VAT is a broad based tax on final consumption designed in such a way that it is collected through a staged process as a result of value addition at each stage of production and distribution.
VAT is in most countries charged on destination principle and not the origin principle. Through destination principle VAT is charged by the country where consumption of the goods or services takes place.
As a result exports are zero rated while imports are charged with VAT. VAT applies on supplies made in relation to furtherance of economic activities. It identifies and tax economic contribution i.e. value addition. Thus VAT is restricted to business/economic activities and a result it is not imposed on activities of personal nature e.g. gifts for personal reasons or charitable activities with no commercial substance. The method of charging VAT at each stage of value addition is the invoice based credit method.
VAT on financial services
Practically it is difficult to impose VAT on the financial sector using the concept of value addition and thus few countries have imposed invoice based credit method VAT on the financial sector.
For instance if a bank receives a deposit from a customer at a rate of 4 per cent and issues a loan to another customer at a rate of 20 per cent the value added is 16 per cent. However the 16 per cent is a result of both value additional generated between the bank and the borrower and value addition generated between the bank and the lender. Thus an apportionment must be done to allocate the 16% which is practically difficult.
Further, the ability of the above transaction to yield tax revenue to the Government is small because only financial services provided to final consumers will be subjected to VAT in line with the principles of VAT. VAT will not apply to services offered to companies.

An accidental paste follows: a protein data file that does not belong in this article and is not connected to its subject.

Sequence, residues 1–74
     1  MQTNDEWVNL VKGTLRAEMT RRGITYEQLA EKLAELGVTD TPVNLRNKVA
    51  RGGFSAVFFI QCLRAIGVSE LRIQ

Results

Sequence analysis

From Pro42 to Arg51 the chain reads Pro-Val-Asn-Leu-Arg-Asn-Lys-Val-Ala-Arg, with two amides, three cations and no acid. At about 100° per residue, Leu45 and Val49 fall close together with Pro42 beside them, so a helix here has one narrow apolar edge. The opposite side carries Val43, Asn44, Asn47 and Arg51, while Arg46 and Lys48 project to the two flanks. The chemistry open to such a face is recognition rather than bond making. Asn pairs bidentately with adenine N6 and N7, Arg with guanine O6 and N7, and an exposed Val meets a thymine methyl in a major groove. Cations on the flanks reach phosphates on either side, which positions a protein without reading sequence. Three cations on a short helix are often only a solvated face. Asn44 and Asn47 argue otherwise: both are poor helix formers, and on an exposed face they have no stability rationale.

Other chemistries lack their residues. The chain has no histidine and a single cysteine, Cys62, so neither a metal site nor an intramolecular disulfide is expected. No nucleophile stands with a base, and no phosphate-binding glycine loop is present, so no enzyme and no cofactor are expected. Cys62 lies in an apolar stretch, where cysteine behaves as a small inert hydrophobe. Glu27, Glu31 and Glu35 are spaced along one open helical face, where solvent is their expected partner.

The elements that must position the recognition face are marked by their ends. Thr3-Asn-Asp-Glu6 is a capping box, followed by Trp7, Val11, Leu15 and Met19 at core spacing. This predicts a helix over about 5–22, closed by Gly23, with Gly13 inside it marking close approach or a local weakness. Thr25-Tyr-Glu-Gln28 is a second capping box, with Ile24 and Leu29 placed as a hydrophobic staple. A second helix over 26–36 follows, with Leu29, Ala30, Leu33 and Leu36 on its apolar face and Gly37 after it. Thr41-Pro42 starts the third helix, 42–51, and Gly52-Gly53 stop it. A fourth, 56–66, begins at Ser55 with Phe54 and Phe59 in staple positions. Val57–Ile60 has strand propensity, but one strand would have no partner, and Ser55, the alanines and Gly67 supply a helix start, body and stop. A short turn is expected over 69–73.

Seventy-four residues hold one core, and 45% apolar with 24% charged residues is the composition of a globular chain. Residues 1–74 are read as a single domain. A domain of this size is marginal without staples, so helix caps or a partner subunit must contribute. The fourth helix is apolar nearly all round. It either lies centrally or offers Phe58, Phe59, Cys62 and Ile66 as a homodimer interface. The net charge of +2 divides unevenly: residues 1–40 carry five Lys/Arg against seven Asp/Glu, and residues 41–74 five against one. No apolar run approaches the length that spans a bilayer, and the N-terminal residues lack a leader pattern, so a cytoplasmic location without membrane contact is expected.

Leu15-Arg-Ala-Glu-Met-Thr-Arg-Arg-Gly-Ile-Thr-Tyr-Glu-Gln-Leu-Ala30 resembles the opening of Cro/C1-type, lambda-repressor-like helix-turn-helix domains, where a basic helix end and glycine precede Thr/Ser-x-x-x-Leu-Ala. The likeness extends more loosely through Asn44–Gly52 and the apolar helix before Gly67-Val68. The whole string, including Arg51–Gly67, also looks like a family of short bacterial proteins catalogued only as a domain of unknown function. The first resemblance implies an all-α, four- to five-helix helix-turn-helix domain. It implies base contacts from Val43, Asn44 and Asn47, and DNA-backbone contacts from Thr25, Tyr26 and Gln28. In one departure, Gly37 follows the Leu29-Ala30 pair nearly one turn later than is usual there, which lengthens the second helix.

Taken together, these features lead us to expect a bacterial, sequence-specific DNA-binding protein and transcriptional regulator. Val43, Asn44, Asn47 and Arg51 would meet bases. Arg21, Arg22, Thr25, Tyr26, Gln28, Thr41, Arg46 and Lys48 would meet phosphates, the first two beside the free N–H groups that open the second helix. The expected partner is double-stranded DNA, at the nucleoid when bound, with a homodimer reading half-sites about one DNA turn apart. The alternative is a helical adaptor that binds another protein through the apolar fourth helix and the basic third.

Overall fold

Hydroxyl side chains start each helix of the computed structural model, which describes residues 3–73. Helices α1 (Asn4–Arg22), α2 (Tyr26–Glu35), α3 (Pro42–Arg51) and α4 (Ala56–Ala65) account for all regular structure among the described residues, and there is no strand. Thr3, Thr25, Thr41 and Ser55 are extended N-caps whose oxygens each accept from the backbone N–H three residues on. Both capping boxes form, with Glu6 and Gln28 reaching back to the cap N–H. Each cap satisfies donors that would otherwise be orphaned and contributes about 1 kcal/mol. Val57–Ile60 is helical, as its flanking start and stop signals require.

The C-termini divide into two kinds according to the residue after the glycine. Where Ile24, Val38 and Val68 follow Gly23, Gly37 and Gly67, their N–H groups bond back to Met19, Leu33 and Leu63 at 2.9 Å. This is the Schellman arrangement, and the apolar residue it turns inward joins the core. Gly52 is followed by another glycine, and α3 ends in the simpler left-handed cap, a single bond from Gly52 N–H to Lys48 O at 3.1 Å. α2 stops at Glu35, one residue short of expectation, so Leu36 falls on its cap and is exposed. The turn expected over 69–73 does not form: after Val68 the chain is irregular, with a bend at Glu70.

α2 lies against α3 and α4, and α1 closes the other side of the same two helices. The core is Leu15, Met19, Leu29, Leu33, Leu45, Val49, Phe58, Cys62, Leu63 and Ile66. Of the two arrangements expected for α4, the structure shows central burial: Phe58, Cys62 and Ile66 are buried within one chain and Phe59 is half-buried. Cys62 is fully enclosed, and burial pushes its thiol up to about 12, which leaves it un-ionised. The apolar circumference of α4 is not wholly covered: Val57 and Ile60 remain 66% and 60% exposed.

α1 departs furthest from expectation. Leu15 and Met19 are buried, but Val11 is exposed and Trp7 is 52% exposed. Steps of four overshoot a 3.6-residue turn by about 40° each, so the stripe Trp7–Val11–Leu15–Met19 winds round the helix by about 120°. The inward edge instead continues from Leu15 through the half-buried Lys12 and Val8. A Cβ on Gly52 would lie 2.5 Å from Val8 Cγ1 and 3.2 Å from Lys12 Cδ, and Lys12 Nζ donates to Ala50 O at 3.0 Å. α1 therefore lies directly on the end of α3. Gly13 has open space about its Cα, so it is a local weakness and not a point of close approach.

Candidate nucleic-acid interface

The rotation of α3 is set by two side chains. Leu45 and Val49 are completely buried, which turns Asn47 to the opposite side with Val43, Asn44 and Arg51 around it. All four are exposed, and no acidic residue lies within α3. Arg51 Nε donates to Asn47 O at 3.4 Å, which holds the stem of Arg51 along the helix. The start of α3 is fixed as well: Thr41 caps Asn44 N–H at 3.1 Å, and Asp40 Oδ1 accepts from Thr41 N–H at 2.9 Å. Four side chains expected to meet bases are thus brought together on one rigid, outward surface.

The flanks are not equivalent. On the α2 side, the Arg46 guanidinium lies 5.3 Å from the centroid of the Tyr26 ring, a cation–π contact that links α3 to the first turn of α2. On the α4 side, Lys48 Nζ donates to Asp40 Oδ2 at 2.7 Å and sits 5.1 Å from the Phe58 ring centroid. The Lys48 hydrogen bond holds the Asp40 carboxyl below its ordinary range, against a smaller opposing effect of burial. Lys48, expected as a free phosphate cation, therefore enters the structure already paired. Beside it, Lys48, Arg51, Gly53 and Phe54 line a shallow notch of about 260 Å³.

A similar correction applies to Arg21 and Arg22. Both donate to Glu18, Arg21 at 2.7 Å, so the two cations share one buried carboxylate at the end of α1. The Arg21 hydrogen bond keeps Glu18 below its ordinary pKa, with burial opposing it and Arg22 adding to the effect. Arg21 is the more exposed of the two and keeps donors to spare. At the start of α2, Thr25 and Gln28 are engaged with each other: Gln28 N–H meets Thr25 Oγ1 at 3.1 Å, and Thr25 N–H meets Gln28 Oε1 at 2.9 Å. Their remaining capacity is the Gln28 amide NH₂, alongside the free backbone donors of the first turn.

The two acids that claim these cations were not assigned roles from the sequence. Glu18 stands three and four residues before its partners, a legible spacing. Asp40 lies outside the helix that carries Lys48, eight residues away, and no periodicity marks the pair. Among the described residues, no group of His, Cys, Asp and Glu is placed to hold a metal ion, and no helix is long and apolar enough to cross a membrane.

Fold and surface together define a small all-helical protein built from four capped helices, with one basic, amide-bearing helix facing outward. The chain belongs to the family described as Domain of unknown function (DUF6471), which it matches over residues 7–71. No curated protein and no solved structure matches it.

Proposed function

Thus generally financial services are exempt from the scope of VAT with the exception of fee based financial services due to practical challenges of allocating value addition and the its low revenue potential.
Introduction of VAT on financial services in Tanzania
VAT was introduced in Tanzania in 1998 through the VAT Act, 1997 (later Cap 148). In this Act, almost all financial services (included most of the traditional services of the banks) were VAT exempt.
A new VAT legislation (VAT Act, 2014) was enacted and became effective from 1st July 2015. Under this new VAT legislation, financial services were again mostly exempt from VAT except for services for arranging for financial services.
The exemption general exempt status for financial services, however, was only short lived as the legislation was amended from 1st July 2016 to make all financial services subject to VAT except for financial services supplied “free of charge”.
Challenges for Financial Institutions
As a result of the amendments introduced in July 2016, financial institutions may be faced with several practical challenges on various aspects of the VAT legislation.
For instance, what financial service is taxable and what is exempt i.e. out of the scope of VAT? These challenges will form the subject matter of discussion in these series of articles on VAT on financial services.
Mr Makundi is a partner with Auditax International